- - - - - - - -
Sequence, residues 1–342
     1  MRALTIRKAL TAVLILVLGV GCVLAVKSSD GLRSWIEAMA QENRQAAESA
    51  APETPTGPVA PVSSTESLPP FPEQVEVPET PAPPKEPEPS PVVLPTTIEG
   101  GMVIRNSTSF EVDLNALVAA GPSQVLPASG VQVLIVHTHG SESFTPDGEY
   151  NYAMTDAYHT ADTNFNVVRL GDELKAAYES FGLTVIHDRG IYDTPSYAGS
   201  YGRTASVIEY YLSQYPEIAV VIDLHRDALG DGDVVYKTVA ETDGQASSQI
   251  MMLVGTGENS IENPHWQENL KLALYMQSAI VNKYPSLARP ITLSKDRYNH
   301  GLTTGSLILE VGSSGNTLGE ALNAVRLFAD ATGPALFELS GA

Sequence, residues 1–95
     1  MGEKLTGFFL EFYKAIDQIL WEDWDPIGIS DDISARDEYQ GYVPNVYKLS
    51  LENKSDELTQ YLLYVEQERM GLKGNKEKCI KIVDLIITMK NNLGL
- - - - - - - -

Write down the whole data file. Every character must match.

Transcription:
Sequence, residues 1–342
     1  MRALTIRKAL TAVLILVLGV GCVLAVKSSD GLRSWIEAMA QENRQAAESA
    51  APETPTGPVA PVSSTESLPP FPEQVEVPET PAPPKEPEPS PVVLPTTIEG
   101  GMVIRNSTSF EVDLNALVAA GPSQVLPASG VQVLIVHTHG SESFTPDGEY
   151  NYAMTDAYHT ADTNFNVVRL GDELKAAYES FGLTVIHDRG IYDTPSYAGS
   201  YGRTASVIEY YLSQYPEIAV VIDLHRDALG DGDVVYKTVA ETDGQASSQI
   251  MMLVGTGENS IENPHWQENL KLALYMQSAI VNKYPSLARP ITLSKDRYNH
   301  GLTTGSLILE VGSSGNTLGE ALNAVRLFAD ATGPALFELS GA

Sequence, residues 1–95
     1  MGEKLTGFFL EFYKAIDQIL WEDWDPIGIS DDISARDEYQ GYVPNVYKLS
    51  LENKSDELTQ YLLYVEQERM GLKGNKEKCI KIVDLIITMK NNLGL